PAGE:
Eating the right foods is essential for good oral health. A balanced diet is essential for your overall health. However, consuming certain food items can wreak havoc on your oral health. Listed below are some of the worst foods for oral health.
- Sugary Foods
Sugary foods are the worst for your oral health for a number of reasons. First, they break down into acids that eat away at your teeth’ enamel. Bacteria in your mouth like to feed on these sugars and produce acid as a byproduct. Over time this can lead to tooth decay and even gum disease. Second, sugar encourages the growth of oral bacteria, which can lead to bad breath and overall mouth health. Third, many sugary foods and drinks have a high acidity level that wears down the protective enamel layer of the teeth. Fourth and finally, eating or drinking a lot of sugary food can contribute to weight gain – which is linked to a whole host of health problems. Replace these sugary foods with vegetables, whole grains, nuts, seeds, fruits, and vegetables. Of course, avoiding sugary foods altogether is the best thing you can do for your teeth and gums!
- Hard Candy
It’s best to avoid sucking on hard candy because the sugar is hard on the teeth, and the saliva glands cannot wash it away properly. Hard candies like lollipops and jawbreakers are the worst. They stick to the teeth and are difficult to remove completely from the mouth. If the candy is sucked on long enough, the enamel can be damaged. Lollipops are typically flavored with acids and sugars. Jawbreakers are often sour and hard. If you must have a sweet treat, it’s best to choose soft chocolates over hard candies.
The American Academy of Pediatric Dentistry recommends avoiding sweets of any kind during childhood. Cavities are much less likely to occur in children who do not consume excessive amounts of sugar. Children should opt for sugar-free candies or treats instead.
- Soft Drinks
Soda pop and sports drinks often contain acidic substances that wear away tooth enamel, creating an ideal environment for cavities to start forming in your teeth. Avoiding them altogether is the best choice for your oral health; however, if you need to keep drinking soda or sports drinks on occasion, be sure to brush your teeth immediately after consuming them. Another helpful tip is to dilute your fruit juices with sparkling water to minimize the effects of acid on your teeth.
- Coffee and Tea
Coffee and tea are both high in acid and sugar, which is bad for your teeth. The acidity of coffee can cause enamel erosion, which causes tooth decay. Enamel is the outer layer of teeth that protects them from decay. Acidic beverages can soften the dentin underneath the enamel, making teeth susceptible to cavities.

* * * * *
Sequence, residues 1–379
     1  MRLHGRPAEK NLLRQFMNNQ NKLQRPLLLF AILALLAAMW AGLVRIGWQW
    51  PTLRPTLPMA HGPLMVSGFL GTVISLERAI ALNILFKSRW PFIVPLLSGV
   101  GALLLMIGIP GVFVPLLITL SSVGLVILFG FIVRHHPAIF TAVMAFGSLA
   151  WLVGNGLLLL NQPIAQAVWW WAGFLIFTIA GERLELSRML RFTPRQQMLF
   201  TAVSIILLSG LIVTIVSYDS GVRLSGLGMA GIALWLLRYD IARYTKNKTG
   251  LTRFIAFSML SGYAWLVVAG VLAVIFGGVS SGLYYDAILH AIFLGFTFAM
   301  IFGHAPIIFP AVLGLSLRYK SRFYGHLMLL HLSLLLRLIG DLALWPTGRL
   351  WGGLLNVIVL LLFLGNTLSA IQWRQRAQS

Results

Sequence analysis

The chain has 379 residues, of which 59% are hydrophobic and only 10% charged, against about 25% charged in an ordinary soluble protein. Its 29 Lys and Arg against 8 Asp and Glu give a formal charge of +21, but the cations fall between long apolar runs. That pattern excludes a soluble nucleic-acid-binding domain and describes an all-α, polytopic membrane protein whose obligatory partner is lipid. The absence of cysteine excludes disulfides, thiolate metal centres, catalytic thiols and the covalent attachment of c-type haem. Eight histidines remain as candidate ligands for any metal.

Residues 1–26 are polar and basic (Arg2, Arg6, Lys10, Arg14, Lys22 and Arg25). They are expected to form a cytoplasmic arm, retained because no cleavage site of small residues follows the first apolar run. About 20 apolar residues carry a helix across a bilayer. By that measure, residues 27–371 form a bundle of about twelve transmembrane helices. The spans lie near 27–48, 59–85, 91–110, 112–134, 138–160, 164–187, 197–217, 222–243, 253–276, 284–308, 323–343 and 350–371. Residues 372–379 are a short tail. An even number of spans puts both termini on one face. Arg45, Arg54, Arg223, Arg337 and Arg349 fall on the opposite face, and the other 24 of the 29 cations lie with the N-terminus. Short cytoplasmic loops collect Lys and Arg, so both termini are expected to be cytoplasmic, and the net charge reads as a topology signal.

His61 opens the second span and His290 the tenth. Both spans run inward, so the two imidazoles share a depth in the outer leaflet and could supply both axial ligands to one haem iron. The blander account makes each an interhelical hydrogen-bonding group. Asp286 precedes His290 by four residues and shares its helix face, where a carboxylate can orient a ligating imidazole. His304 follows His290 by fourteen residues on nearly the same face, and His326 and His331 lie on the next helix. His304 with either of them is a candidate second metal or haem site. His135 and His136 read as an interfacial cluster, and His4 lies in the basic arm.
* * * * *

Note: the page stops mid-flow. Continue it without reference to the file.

Coffee has also been linked to heart disease and cancer due to its high caffeine content and its high levels of antioxidants. Tea also contains tannins, which can stain the teeth. One way to avoid this is to brush immediately after drinking tea or swish water around in your mouth before brushing. Drinking through a straw can also help prevent staining, as the liquid will bypass the teeth.
Red wine is the worst offender when it comes to staining teeth. The tannins in red wine stain the surface of teeth. Even white wine is less damaging than red wine due to its low acid content. After drinking wine, swish water around your mouth to dilute the acidity in your mouth before brushing your teeth. Brushing within 30 minutes of drinking red wine can help prevent stains.
- Sports Drinks
Many people consume sports drinks to quench their thirst and replenish electrolytes during their workouts. Unfortunately, these drinks have high sugar content and acidity that can wear away the enamel on your teeth. It is best to try to avoid them altogether or to consume them with meals instead of in between. If you do enjoy sports drinks, make sure to drink them with a straw and rinse your mouth out with water after you are done drinking. This will help reduce tooth damage.
To find out more about the dental services offered at Madison Park Dental, call (208) 356-5601 or schedule an online consultation. You can also visit us at 345 N. 2ND E., Suite 2, Rexburg, ID 83440.